Thomas Merton 96th Birthday 2011, 31st January

From my inbox today from "Dating God:":
This is the beginning of the entry in Merton's journal from January 31, 1968, the last birthday he would celebrate on this earth.
"Clear, thin new moon appearing and disappearing between slow slate blue clouds – and the living black skeletons of the trees against the evening sky. More artillery than usual whumping at [Fort] Knox. It is my fifty-third birthday."
He spent the day, admittedly not working, but enjoying the unusual springlike afternoon around the monastery and near the pond. 

Today, the last day of January, has also been an unusually beautiful spring like day here in Cornwall UK and my energy levels and spirit were raised up from their wintry lethargy. I am happy knowing that Spring is on it's way, even if it is tucked away for a few more weeks  and although it may have to spurt and start to compete with the winter for it's place in the seasonal  charts come it will !! 
Merton for me as for so many others has been a lifelong companion right through my rebellious adolescence through to my fifties where I never fail to find something new and fresh in his writings.
In his writings he did not shirk from telling the vagaries that surround  faith and he was honest about unsanitised doubt and the difficulty of living a contemplative life in the world and that has taught me such a valuable lesson: to feel it is always safe to approach God fully, to present myself as I am, warts and all .
"Man is neither a devil or an angel. He is not pure spirit, but a being of flesh and spirit, subject to error and malice, but basically inclined to seek truth and goodness. He is, indeed, a sinner: but his heart responds to love and grace. It also responds to the goodness and to the need of his fellow man."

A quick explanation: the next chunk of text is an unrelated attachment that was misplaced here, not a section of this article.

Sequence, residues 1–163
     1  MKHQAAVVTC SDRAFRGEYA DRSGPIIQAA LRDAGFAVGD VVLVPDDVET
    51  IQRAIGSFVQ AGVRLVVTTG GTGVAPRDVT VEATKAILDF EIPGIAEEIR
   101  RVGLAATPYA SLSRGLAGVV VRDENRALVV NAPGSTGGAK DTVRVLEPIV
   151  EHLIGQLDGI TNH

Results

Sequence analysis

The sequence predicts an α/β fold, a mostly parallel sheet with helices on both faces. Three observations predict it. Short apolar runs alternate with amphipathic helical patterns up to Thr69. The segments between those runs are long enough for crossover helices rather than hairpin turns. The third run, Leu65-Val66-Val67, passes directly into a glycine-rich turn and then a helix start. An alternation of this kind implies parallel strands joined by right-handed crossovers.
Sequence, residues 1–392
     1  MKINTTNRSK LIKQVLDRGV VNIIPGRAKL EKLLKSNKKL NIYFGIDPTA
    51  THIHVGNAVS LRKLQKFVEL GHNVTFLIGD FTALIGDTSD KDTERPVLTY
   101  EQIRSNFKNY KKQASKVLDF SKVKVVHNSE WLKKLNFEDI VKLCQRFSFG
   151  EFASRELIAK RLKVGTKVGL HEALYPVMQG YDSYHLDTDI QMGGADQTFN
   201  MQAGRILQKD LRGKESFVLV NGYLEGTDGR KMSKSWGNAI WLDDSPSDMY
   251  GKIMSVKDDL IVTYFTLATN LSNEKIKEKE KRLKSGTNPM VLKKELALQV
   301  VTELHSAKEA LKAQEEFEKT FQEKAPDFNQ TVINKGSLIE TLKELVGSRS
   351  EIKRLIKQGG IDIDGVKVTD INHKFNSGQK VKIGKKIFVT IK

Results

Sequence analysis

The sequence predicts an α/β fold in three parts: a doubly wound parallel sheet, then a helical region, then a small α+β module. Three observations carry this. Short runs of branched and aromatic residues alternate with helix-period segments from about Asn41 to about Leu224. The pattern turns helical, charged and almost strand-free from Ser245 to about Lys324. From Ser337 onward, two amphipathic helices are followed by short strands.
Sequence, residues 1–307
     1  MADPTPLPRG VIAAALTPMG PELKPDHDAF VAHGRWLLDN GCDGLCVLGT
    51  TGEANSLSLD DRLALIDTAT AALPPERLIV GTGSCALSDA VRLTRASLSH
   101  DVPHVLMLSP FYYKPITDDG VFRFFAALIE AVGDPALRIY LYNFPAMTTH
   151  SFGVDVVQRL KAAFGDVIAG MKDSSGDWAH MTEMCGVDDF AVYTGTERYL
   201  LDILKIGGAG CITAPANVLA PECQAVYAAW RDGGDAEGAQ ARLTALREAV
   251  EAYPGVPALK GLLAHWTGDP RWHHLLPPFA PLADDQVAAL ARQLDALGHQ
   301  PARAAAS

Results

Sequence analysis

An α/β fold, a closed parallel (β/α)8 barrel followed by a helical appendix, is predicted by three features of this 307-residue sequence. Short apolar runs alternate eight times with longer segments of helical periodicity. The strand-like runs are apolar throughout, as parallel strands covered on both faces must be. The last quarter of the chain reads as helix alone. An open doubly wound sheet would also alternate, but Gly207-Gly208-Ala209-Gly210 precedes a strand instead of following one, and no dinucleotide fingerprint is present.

Thomas Merton, Life and Holiness 
My previous posts on Merton can be found here and here 
Also if you want some wonderful free poster quotes from Merton the link is here 
and one of my favourite quotes is below :

There is also an excellent 2009 video tribute showing the lives of the Trappist monks at the Abbey of Gethsemane Monastery where Merton spent most of his life and many other resources on Merton  from the PBS website. 
Click here .
The link for The Merton Institute for Contemplative Living is here with a wealth of resources: This is their  definition of Contemplative Living: "Living in relationship with oneself, God, others, and nature free of the illusion of separateness. Their Mission and Purpose is: To awaken interest in contemplative living through the works of Thomas Merton and others."

One of the excellent resources for reflection on the site above can be accessed here and is a set of individual reflections entitled "The Spirit of Merton's Voice " that match selected Merton quotes which were sent in during 2010.

Click here for a tribute to Thomas Merton by one of his close friends Jim Knight from which this unusual portrait of Merton below is taken and the reason for it :

 "When he painted the portrait of his friend Merton standing near the Abbey of Gethsemani in Kentucky, Ed Rice deliberately blanked out Tom's face. He confessed to being confused. Over the years, the scholars, the followers, publishers, the church itself, had drawn a portrait that was unrecognizable, that of a plastic saint, a monk interested mainly in pulling nonbelievers, and believers in other faiths, into the one true religion. This was not the Merton that his friends from younger days and later days, Jim Knight and Ed Rice, knew. Merton was eminently human. He honored, and reached out to other faiths. He loved, he laughed. In essence he was a poet, who used words to help us understand the thousands of things we need to understand. This is his portrait, as recalled by his very close friend."

 Click here for another intimate account of Merton

"Contemplation is the highest expression of man's intellectual and spiritual life. 
It is that life itself, fully awake, fully active, fully aware that it is alive. 
It is spiritual wonder. It is spontaneous awe at the sacredness of life, of being. 
It is gratitude for life, for awareness, and for being. 
It is a vivid realization of the fact that life and being in us proceed from an invisible, transcendent and infinitely abundant Source. 
Contemplation is, above all, an awareness of the reality of that Source."
Thomas Merton
New Seeds of Contemplation


Jan said...

What richness! Thank you. I am linking this on FB and sending it to friends who are not on FB.

Philomena Ewing said...

That's really kind of you Jan. You are a star.! I appreciate it and am very glad to have you visit and it is also good to know that the post is worthwhile and being spread to others.